Cycling and bicycle discussion forums. 
   Click here to join our community Log in to access your Control Panel  


Go Back   > >

Long Distance Competition/Ultracycling, Randonneuring and Endurance Cycling Do you enjoy centuries, double centuries, brevets, randonnees, and 24-hour time trials? Share ride reports, and exchange training, equipment, and nutrition information specific to long distance cycling. This isn't for tours, this is for endurance events cycling

User Tag List

Reply
 
Thread Tools Search this Thread
Old 10-04-10, 12:51 PM   #1
m_yates
Senior Member
Thread Starter
 
m_yates's Avatar
 
Join Date: Feb 2008
Location: Rochester, NY
Bikes:
Posts: 610
Mentioned: 0 Post(s)
Tagged: 0 Thread(s)
Quoted: 0 Post(s)
Best way to find elevation profile?

I just completed my last century of the season, and I want to determine the total elevation gain and loss. The route is on mampmyride.com, but the elevation seems wrong. I exported the route to a GPX file, then added elevation data using gpsvisualizer.com. The numbers come out way different.

Here is what I get for total ascent:

mampmyride.com: 3583 ft

bikeroutetoaster.com (using GPX file with NED elevation data): 4218 ft

bikeroutetoaster.com (using GPX file with SRTM1 elevation data): 4675 ft

bikeroutetoaster.com (using GPX file with SRTM3 elevation data): 4641 ft

utrack.crempa.net (using GPX file with NED elevation data): 6969 ft

utrack.crempa.net (using GPX file with SRTM1 elevation data): 9200 ft

utrack.crempa.net (using GPX file with SRTM1 elevation data): 8011 ft


As you can see, the numbers are all over the place. My legs felt like 9200 ft was the correct one, but I'm wondering what is the most accurate way to get the true elevation gain/loss for a route?
m_yates is offline   Reply With Quote
Old 10-04-10, 01:55 PM   #2
Bacciagalupe
Professional Fuss-Budget
 
Bacciagalupe's Avatar
 
Join Date: Aug 2005
Bikes:
Posts: 6,438
Mentioned: 0 Post(s)
Tagged: 0 Thread(s)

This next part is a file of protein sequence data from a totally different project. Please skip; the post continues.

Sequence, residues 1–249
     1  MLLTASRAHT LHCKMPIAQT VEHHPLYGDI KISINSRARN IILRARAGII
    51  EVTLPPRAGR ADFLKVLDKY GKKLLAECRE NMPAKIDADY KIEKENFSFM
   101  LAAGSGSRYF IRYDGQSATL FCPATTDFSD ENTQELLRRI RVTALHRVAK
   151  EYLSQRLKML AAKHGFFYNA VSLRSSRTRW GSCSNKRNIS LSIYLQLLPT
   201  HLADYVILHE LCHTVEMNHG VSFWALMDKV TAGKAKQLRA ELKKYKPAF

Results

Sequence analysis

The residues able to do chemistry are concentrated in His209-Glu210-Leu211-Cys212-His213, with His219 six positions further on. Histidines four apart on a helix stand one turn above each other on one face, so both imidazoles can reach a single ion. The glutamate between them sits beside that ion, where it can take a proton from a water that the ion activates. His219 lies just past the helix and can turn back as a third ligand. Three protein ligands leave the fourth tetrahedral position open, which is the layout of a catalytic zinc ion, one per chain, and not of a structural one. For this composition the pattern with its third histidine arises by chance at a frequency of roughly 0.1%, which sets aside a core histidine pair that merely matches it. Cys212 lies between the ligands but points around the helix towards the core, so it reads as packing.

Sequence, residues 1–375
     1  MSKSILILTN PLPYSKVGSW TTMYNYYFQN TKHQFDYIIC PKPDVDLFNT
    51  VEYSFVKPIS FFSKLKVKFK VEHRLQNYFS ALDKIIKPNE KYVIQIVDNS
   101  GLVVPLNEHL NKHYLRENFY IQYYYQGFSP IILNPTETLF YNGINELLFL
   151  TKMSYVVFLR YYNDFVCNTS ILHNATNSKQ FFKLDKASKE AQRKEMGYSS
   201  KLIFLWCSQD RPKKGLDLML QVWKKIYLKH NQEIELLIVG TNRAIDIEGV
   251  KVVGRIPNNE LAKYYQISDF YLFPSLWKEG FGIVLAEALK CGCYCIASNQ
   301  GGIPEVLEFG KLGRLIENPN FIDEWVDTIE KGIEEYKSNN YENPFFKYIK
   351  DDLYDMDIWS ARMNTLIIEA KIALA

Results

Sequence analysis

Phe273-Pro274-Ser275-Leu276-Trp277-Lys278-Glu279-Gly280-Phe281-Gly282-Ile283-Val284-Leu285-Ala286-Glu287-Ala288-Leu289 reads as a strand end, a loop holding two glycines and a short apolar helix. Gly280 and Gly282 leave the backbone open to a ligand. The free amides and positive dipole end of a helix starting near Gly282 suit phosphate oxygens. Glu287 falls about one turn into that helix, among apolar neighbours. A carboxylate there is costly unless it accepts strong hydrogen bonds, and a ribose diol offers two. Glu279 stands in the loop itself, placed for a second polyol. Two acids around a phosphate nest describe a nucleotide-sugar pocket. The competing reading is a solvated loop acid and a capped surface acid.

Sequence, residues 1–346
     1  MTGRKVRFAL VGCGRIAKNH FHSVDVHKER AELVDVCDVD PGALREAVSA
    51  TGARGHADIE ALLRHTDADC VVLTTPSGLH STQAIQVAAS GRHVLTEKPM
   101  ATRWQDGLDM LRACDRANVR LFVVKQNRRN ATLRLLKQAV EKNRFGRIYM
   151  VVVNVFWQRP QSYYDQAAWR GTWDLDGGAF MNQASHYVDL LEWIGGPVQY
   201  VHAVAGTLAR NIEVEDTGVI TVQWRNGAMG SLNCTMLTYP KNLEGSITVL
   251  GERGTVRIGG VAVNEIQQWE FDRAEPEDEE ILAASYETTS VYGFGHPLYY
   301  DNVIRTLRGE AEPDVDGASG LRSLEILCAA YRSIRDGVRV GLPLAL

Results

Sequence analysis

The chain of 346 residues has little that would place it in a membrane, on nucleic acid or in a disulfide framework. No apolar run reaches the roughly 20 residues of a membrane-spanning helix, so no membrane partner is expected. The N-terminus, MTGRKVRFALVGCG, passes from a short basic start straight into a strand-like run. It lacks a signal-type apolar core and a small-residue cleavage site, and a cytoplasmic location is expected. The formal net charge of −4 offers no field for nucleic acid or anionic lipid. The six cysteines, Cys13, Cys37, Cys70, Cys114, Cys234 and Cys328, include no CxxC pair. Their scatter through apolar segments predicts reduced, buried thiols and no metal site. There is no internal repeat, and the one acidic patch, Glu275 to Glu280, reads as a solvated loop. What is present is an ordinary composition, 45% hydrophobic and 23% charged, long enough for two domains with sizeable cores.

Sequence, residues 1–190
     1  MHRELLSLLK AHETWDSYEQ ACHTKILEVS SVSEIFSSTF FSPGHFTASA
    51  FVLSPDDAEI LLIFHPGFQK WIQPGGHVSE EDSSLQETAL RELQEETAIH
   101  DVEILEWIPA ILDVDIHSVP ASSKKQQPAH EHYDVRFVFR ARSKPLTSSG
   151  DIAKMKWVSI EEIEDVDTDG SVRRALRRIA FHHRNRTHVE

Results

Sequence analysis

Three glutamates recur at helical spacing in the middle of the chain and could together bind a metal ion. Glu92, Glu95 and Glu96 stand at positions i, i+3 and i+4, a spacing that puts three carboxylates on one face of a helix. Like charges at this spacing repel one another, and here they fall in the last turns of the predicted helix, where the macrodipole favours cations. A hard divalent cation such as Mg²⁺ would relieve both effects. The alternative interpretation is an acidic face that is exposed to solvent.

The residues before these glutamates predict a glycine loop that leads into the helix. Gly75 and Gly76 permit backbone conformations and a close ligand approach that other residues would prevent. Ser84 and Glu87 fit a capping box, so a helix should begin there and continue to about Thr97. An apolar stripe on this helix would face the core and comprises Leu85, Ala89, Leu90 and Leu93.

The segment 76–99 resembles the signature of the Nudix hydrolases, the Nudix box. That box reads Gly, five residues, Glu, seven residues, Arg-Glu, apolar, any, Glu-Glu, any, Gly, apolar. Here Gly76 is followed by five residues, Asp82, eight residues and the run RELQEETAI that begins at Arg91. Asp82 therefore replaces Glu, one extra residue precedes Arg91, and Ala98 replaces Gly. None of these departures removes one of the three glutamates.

Quoted: 0 Post(s)
AFAIK there is no one accurate method. Different services / software use different methods to calculate elevation.

The best thing you can do is select one method and stick with it for as long as possible.
Bacciagalupe is offline   Reply With Quote
Old 10-04-10, 03:04 PM   #3
m_yates
Senior Member
Thread Starter
 
m_yates's Avatar
 
Join Date: Feb 2008
Location: Rochester, NY
Bikes:
Posts: 610
Mentioned: 0 Post(s)
Tagged: 0 Thread(s)
Quoted: 0 Post(s)
OK, I guess the method I'm sticking with is ridewithgps.com

I uploaded my GPX file and ridewithgps.com has a feature to correct the elevation gain using their data. The ridewithgps.com site corrected my elevation gain to 6503 ft. Their value is intermediate between the others, so 6503 ft is my story and I'm sticking to it.
m_yates is offline   Reply With Quote
Old 10-05-10, 08:28 PM   #4
cccorlew
Erect member since 1953
 
cccorlew's Avatar
 
Join Date: Dec 2006
Location: Antioch, CA (SF Bay Area)
Bikes: Roubaix Expert, Motobecane Ti Century Elite turned commuter, Cannondale F500 Mtn bike, Some old French thing gone fixie
Posts: 6,772
Mentioned: 0 Post(s)
Tagged: 0 Thread(s)
Quoted: 3 Post(s)
This is easy! Whatever the highest number is clearly the correct number.
When my group does doubles, whoever gets the highest on their GPS is the "official" entry.
cccorlew is offline   Reply With Quote
Reply


Thread Tools Search this Thread
Search this Thread:

Advanced Search

Posting Rules
You may not post new threads
You may not post replies
You may not post attachments
You may not edit your posts

BB code is On
Smilies are On
[IMG] code is On
HTML code is Off



All times are GMT -6. The time now is 03:52 AM.